Medicaid's coverage for EMDR also varies. As a state-regulated program, the extent of coverage for mental health services, including EMDR, can differ from one state to another. It's advisable to check the specifics of your state's Medicaid program.
OHIP typically covers services provided by physicians and certain other healthcare practitioners. However, OHIP does not usually cover psychotherapy services like EMDR unless they are performed by a doctor or within a hospital setting.
As a private insurer, Cigna's coverage for EMDR can depend on the individual's policy and plan. It's important to review your policy details or contact Cigna directly to understand if EMDR is covered under your plan.
BCBS coverage for EMDR can vary depending on the state and the specific plan. Some BCBS plans may cover EMDR as part of mental health services, while others might have exclusions or specific requirements.
For the most accurate information, it's crucial to contact your insurance provider directly. They can provide details on whether EMDR is covered under your plan and any specific conditions or limitations that apply.
Figuring out if your insurance covers EMDR therapy can be a bit tricky, but there are some practical steps you can take to navigate this process effectively:
By taking these steps, you can better understand your insurance coverage for EMDR therapy and make informed decisions about your treatment options.
If you find that your insurance doesn't cover EMDR therapy, or only covers a portion of it, there are alternative payment options you can consider:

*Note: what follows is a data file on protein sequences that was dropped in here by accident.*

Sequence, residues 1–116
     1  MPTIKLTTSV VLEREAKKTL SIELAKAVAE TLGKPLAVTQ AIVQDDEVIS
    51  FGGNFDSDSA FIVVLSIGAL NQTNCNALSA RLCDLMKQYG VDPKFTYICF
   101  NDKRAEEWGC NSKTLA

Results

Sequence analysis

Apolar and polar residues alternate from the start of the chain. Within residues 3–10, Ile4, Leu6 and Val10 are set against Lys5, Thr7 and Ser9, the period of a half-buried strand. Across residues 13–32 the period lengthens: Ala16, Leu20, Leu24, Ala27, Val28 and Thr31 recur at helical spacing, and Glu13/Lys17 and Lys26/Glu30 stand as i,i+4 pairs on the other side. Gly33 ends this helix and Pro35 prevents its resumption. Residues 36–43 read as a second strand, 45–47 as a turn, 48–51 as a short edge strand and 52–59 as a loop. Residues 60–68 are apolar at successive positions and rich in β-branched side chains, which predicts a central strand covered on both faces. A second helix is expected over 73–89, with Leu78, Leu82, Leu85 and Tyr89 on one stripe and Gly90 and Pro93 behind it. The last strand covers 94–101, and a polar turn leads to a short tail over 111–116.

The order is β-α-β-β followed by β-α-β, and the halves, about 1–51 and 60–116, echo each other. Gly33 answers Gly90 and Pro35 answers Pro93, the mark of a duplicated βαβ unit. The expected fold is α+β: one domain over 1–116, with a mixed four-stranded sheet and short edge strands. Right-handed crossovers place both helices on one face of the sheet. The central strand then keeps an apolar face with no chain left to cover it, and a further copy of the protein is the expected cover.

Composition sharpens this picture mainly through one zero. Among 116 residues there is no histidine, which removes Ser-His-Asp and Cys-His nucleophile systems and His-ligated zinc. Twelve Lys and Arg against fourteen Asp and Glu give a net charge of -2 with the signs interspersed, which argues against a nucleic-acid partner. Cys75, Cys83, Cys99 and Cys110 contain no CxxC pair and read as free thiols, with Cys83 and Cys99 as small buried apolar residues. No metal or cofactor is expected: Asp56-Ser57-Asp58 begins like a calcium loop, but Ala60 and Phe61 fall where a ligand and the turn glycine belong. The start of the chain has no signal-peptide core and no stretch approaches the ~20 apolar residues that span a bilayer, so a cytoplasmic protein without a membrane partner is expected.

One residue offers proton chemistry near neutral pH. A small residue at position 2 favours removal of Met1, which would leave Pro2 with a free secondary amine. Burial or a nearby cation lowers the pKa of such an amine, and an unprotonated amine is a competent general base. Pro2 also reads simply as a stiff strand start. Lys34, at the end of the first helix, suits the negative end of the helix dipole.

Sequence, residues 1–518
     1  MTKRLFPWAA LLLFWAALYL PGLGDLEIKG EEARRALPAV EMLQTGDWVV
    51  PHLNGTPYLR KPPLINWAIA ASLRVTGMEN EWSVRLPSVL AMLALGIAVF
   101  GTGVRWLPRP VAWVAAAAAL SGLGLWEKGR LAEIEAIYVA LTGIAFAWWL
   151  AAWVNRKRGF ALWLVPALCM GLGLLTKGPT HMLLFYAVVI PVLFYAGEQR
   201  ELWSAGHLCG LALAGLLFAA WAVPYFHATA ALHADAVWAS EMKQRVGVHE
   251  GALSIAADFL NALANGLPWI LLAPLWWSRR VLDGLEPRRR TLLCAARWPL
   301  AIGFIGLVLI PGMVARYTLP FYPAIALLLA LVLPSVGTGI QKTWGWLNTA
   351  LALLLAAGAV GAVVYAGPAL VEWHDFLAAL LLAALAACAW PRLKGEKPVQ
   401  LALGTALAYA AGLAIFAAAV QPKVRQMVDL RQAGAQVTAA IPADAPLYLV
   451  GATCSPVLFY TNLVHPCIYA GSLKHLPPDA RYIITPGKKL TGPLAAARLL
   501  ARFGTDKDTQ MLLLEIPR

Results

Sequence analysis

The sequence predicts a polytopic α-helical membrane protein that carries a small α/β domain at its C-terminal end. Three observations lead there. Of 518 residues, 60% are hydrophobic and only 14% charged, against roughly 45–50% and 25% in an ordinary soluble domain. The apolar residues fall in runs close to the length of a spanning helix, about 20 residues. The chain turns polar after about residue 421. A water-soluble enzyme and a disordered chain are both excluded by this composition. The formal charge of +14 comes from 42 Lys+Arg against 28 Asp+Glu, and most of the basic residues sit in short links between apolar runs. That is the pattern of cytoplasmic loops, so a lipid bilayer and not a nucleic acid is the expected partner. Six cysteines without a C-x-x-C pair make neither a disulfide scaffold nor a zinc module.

By exploring these alternative payment options, you can find a way to access EMDR therapy even without full coverage. Financial constraints don't have to stop you from getting the help you need.
Want EMDR but don’t have insurance? Generally, the price for EMDR therapy can range from $100 to $250 per hour or session. The total cost depends on several factors, including the therapist's rates, the region where you receive therapy, and the specific needs of your treatment plan.
Since EMDR therapy usually requires multiple sessions to achieve the desired outcomes, the overall expense can add up. On average, the total cost for a complete course of EMDR therapy typically falls between $800 and $2,000. This cost reflects the cumulative price of all sessions needed to reach effective results. (Of course, this number can go much higher depending on the amount and type of your challenges.)
It's essential to consider these figures when planning for EMDR therapy. While the initial cost may seem significant, the benefits of this therapy, in terms of improved mental health and well-being, can be substantial. Always discuss the expected number of sessions and the total cost with your therapist upfront to plan your finances accordingly.
Finding out if your insurance will pay for EMDR therapy can be a bit tricky, but it's important.
Different insurance plans like Medicare and others have their own rules about EMDR. Contact your insurance to ask them about coverage. Know that sometimes, you might need to look at other ways to pay for it, like sliding scale fees or paying out of pocket.
If you’re serious about finding an EMDR therapist, get to know the ins and outs of your own insurance plan, then work with your chosen therapist to get started.